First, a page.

by Craig Klugman, Ph.D.
The Resident (Season 1; Episode 14): Treating Loved Ones; Chemo for Healthy Patients ; Chicago Med (Season 3; Episode 20): Doctor and jury
The Resident (Season 1; Episode 14): Treating Loved Ones; Chemo for Healthy Patients
In the season finale, we learn that Hunter has been telling healthy people that they have cancer (when they do not) and giving them chemotherapy. She is committing Medicare fraud and also artificially bumping her success rates at curing cancer. Pravesh informs Lily, a frequent flyer, that she does not have cancer and is a victim of Hunter. The residents tells Bell that they have informed the FBI of the problem and they suggest he suspend Hunter immediately. Hunter and Bell, however, are having a relationship and Bell tells her to go to her clinic and get the questionable records so they can destroy them. When she gathers her records, the FBI shows up, having been tipped by Bell that she was destroying evidence. His motivation was to protect the hospital and his own position.
In a second story line, Micah Stevens, a former heart transplant patient returns. Scans discover that he has an aneurysm on his aorta that could blow, an uncommon side effect of his transplant. The problem is discovered after he has sex with Okafor and he is the first person she has truly loved. The surgery is risky because scar tissue makes it hard to see the heart. Most surgeons recommend doing nothing. But Dr. Austin is arrogant enough to believe that he can save the patient. Okafor scrubs in to assist. The ethical question is whether the patient should have the surgery or not. The surgery has a high risk of mortality, but so does doing nothing. The danger of operating on a loved one is shown by Okafor constantly second guessing Austin—telling him to slow down and to be more conservative. When Austin asks her to suture, she says no, that she cannot. Austin says, “You broke the cardinal rule of the OR: You are emotionally involved with this patient. Is that why you can’t operate Dr. Okafor or are you just not up to the task?” He is correct that a physician who treats a loved one risks losing objectivity. However, Austin is also egging her on. He actually says that her passion will make her do a better job. She sutures in the dacron replacement.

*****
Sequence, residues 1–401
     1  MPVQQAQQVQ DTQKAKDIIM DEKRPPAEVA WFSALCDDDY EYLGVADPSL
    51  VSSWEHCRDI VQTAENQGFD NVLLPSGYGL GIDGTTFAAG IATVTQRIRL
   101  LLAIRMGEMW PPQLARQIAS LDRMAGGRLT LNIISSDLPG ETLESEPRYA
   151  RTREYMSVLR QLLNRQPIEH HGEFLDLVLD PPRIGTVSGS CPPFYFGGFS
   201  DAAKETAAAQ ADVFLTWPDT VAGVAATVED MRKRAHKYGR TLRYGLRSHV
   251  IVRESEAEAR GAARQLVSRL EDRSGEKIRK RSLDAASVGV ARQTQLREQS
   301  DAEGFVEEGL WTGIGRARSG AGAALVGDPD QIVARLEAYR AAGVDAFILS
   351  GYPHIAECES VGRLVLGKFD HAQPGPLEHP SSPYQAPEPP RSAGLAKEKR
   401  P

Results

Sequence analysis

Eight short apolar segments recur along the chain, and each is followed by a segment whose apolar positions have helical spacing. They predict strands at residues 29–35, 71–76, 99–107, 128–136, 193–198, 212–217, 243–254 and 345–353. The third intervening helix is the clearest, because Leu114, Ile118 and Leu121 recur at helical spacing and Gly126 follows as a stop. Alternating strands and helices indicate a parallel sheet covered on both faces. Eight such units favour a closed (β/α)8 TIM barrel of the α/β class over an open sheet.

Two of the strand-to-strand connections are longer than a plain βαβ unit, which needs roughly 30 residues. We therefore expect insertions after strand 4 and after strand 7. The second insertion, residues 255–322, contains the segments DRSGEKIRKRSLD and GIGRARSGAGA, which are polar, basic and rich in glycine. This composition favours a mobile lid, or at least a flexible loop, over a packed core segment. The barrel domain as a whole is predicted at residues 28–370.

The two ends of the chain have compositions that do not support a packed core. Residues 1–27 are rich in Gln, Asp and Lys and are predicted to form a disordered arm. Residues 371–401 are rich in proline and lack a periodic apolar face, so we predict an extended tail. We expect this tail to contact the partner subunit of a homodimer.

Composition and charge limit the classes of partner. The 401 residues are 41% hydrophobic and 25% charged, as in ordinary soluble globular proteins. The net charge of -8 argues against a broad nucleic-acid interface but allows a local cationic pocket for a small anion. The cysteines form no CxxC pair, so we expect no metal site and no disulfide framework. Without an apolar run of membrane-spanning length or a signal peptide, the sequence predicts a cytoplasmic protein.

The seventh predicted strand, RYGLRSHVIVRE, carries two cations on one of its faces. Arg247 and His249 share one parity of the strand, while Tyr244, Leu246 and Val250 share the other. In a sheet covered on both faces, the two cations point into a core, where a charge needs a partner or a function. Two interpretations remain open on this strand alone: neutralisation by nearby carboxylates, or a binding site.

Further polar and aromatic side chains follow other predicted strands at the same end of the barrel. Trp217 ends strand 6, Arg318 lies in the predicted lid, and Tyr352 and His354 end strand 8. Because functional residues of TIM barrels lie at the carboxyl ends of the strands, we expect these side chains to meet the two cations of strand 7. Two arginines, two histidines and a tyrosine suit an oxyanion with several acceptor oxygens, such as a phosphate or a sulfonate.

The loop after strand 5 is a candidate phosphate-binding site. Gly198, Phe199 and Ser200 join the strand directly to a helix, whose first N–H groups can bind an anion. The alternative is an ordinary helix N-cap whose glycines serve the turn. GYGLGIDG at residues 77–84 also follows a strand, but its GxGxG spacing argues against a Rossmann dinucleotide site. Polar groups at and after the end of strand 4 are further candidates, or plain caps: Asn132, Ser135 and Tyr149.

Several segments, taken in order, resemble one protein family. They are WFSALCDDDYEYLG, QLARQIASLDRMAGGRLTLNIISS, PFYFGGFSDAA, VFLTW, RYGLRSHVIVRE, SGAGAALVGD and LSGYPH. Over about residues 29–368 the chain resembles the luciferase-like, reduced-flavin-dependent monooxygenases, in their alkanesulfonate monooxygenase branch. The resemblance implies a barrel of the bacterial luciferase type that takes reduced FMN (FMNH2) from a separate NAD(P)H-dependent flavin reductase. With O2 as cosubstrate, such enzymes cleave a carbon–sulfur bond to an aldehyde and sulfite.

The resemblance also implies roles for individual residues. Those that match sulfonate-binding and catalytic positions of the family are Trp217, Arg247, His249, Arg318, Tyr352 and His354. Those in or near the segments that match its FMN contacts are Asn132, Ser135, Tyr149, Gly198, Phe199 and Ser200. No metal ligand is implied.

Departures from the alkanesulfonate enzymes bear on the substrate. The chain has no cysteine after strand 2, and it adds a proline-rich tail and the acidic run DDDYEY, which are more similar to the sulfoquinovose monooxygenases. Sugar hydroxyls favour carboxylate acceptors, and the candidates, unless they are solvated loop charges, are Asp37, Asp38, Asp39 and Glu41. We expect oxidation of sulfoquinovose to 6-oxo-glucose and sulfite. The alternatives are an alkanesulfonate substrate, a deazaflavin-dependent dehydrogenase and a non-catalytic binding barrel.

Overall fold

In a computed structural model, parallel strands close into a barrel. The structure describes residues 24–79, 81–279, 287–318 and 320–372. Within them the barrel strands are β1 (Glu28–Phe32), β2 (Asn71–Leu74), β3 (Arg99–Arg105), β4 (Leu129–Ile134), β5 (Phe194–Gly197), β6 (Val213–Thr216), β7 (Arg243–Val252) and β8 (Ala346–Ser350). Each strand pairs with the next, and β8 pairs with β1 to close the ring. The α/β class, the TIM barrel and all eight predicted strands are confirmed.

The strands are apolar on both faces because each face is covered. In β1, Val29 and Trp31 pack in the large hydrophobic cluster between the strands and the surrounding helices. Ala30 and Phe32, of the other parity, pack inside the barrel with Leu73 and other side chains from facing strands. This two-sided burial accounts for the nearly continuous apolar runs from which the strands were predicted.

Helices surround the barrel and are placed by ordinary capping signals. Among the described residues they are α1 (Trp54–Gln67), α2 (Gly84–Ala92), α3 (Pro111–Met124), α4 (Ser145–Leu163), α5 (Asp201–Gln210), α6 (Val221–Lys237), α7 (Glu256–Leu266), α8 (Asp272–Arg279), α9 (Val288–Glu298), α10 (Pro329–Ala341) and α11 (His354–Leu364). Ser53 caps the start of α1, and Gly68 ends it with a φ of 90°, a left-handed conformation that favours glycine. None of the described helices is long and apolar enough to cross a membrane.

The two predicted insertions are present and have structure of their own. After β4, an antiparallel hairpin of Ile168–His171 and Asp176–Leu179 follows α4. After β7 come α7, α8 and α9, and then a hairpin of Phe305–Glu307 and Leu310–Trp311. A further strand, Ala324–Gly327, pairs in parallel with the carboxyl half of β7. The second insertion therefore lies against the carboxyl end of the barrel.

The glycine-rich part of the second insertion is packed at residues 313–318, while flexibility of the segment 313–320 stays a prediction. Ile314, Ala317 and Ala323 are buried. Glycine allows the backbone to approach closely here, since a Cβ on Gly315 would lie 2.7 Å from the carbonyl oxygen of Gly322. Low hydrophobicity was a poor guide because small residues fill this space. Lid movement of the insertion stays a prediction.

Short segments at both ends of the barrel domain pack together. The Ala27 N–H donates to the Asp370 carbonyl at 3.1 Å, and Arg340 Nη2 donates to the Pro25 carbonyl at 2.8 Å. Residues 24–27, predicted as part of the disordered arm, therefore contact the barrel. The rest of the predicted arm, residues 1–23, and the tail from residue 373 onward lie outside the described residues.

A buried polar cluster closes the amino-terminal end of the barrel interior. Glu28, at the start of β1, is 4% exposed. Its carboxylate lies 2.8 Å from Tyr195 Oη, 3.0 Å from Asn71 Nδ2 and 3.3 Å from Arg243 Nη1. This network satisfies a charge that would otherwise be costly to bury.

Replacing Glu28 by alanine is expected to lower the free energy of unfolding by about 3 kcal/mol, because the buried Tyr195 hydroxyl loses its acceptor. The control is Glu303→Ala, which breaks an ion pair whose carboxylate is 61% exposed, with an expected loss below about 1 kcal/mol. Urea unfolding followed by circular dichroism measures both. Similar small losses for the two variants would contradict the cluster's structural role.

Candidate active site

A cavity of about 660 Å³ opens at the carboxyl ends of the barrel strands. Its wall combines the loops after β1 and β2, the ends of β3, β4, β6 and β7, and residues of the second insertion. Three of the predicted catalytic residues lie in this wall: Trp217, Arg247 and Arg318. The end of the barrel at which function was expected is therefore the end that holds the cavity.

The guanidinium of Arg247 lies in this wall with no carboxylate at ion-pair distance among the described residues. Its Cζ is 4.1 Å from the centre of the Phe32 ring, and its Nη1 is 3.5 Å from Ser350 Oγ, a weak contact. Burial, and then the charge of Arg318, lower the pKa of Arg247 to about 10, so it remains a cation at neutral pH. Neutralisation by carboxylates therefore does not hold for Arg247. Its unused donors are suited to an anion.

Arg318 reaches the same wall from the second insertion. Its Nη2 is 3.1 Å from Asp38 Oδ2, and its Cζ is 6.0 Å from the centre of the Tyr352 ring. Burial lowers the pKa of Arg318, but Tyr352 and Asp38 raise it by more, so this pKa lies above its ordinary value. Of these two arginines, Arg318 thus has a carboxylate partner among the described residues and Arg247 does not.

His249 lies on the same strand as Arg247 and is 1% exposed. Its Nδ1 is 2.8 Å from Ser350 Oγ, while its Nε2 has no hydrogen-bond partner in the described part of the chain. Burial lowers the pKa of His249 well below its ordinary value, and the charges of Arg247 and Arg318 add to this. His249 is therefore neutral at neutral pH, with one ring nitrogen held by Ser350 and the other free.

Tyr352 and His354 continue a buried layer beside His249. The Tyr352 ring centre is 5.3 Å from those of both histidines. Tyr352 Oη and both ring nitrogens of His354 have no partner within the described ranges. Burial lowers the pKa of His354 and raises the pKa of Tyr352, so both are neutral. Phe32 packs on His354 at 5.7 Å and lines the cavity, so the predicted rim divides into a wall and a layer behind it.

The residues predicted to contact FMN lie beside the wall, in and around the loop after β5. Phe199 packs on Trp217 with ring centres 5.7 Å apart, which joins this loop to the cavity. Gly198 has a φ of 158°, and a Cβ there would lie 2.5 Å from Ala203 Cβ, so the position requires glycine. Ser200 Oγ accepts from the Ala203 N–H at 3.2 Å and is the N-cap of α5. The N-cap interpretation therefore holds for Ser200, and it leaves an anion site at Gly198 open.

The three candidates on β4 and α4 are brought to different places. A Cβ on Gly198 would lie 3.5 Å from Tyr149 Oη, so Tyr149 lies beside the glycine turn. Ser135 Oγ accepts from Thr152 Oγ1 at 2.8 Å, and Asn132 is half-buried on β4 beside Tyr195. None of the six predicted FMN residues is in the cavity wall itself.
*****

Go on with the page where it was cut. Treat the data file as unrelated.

The lesson that Austin teaches her is exactly the wrong one. He is known for being arrogant and for taking risks that no one else will. He also has a remarkable rate of success. But he encourages her to violate professionalism. In one sense, he tells her to think about the patients as people instead of just objects on which she works. On the other hand, he encourages to violate the precept that one does not treat a loved one except in an emergency when no one else is available.
Chicago Med (Season 3; Episode 20): Doctor and jury
This episode is the season finale and it wraps up several storylines including a separation surgery for conjoined twins; Goodwin’s ex-husband attempting suicide after his girlfriend died; and the homeless children’s’ encampment sees an epidemic of Hep A including Choi’s own sister who is addicted to pills.
In a long running arc, Dr. Charles has been caring for a heart transplant patient who also has a personality disorder. The man manipulates people for his own needs and Charles has begun to believe the patient may have been involved with a series of disappearances of young women in towns where he has lived. Charles attempts to gain entry to the patient’s apartment. After the super refuses to let him in, Charles looks through the window where he sees a stuffed animal that was taken from a missing woman’s room. When Charles confronts the patient, the patient collapses and Charles does not give CPR. But the patient’s daughter just walked in so has Charles decided not to save a patient whom he suspects did wrong or did the patient orchestrate that moment to turn his daughter, who is also Charles’s resident, against her mentor? We have to wait until next season to find out.
The question these actions raise are when does a physician go over the line from helping a patient to becoming a detective of a patient’s potential wrong acts? Charles should have turned over his suspicions to the police (who did seem uninterested in a previous episode) rather than trying to solve a crime on his own. A second question is whether a physician can refrain from starting CPR on a patient that they suspect of being a bad person. As tempting as this may be, the physician is not judge, jury, and executioner and unless there is a court order, a DNR order, an advance directive, or an oral conversation to the effect, Charles should have begun CPR. Starting CPR would also have determined whether the patient was faking or was in real distress, but that would hardly leave a cliffhanger for the viewer.